With the political uprising in Catalonia continuing to escalate and cause controversy, Spanish football has been embroiled in a row and the remaining fixtures in La Liga have become uncertain. The league’s president, Javier Tebas, described the situation underwhelmingly as “something to be analysed”, when in truth, the issue has the potential to be a grave matter for Spanish football.
The Catalonia region’s government, led by its president, Carles Puigdemont, has proposed that the region should become a country in its own right, and therefore detach from Spain. Though Sunday’s referendum was highly irregular, and, in fact, illegal because Spain, who are in this case the central state, and as a result govern Catalonia at this time, failed to negotiate the legality of the proposal. A voting system on such a scale like this, akin to Brexit, can lead to drastic changes in territory and politics. For better or for worse, the effects can be felt for a long time.
Catalonia’s decision to hold a referendum, in which they will use the results as a reason to declare independence, is dangerous. The vote itself has created polar opposite debates, divided societies and has caused extreme behaviour and violence; Spanish football has taken a large brunt of the force and, sadly, the consequences are likely to continue.
In a symbolic vote, in which the result only stands to prove how strong, or weak, a bid has the potential to be, around 90 percent of 2.26 million voters in Catalonia decided that they were pro independence.
Catalan giants Barcelona played out their routine 3-0 victory against Las Palmas on Sunday, the day of the vote, behind closed doors at the Camp Nou. The city itself has seen more than its fair share of extremism and bad behaviour, but political discord has always failed to reach the walls of what is one of the world’s great football stadiums – until last week. A Barca fan club, called ‘Animation Stand’, threatened to launch a protest, during the game, over the aforementioned referendum. The powers that be at Barca, led by president Josep Bartomeu, decided to close the game off for spectators altogether to avoid potential riots between the club’s own fans.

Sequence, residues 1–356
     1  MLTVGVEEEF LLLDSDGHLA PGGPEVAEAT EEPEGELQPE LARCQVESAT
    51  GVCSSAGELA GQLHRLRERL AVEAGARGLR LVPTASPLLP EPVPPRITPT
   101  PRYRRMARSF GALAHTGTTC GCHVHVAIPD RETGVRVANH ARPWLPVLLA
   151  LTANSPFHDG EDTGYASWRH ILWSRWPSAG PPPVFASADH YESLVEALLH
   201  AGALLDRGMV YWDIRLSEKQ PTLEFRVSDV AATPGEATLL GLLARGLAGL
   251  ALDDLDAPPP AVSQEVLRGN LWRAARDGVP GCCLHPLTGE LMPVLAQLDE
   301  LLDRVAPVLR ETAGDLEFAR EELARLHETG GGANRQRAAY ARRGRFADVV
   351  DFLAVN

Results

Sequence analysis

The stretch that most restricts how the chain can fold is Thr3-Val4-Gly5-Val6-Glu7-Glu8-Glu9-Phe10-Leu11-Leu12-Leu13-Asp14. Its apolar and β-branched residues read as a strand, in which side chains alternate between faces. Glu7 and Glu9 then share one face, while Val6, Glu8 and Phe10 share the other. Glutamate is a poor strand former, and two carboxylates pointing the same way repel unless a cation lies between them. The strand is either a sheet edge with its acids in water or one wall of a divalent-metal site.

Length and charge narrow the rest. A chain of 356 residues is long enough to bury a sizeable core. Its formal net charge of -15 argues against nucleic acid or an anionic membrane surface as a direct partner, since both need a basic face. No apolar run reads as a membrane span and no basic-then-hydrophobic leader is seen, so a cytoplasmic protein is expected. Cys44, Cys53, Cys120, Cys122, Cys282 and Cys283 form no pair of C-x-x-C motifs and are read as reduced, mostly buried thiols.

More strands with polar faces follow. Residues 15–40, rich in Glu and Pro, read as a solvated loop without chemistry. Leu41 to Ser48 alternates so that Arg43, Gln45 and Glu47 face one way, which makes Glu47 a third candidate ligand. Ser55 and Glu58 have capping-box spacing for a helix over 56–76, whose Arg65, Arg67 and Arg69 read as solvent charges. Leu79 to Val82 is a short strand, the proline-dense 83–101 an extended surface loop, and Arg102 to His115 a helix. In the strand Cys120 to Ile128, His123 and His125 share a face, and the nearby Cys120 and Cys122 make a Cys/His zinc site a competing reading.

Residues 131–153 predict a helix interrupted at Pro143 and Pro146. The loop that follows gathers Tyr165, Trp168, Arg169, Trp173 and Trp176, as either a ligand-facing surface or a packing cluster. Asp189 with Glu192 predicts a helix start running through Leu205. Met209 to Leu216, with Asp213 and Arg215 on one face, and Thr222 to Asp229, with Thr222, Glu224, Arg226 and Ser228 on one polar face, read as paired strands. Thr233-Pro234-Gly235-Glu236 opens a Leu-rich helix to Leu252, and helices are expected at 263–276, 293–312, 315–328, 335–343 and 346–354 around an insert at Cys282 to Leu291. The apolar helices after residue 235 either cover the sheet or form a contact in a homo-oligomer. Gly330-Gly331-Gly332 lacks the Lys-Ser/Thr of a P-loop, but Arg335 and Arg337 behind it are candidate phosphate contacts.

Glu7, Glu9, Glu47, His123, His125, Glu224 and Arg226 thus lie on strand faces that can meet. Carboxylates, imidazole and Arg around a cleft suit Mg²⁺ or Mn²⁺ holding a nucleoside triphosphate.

Last week, along with RCD Espanyol and Girona, Barca led a general football strike during the build up to the Las Palmas fixture because of how violently the Spanish police treated pro-independence voters, which led to damning, harrowing images being posted on social media. More than 840 people needed medical assistance following violent charges by Spanish civil guard officers in ugly scenes as part of Spain’s deepest political crisis for decades.
But, simply stopping supporters coming to matches will fail to solve the problem; in fact, as some would argue, depriving them of watching their club may cause even more unrest in the long run. Barca will also suffer without fans paying good money coming through the turnstiles. Sunday’s episode cost the club €3.4 million.
If the declaration of independence was to come into force, the Spanish FA (RFEF) and La Liga would have to suspend matches in which the Catalan clubs were to be competing in until it is agreed that they are not breaching any sporting laws by competing against teams from what would be a different country in Spain. The law includes teams from Spain and Andorra, so if Catalonia was declared as separate, the simplest measure would be to suspend all fixtures until each club’s situation has been made clear to maintain a level playing field in the league. But, in a World Cup year, finding the time to extend the La Liga season, whilst also complying with the UEFA Europa League and Champions League, would be almost impossible.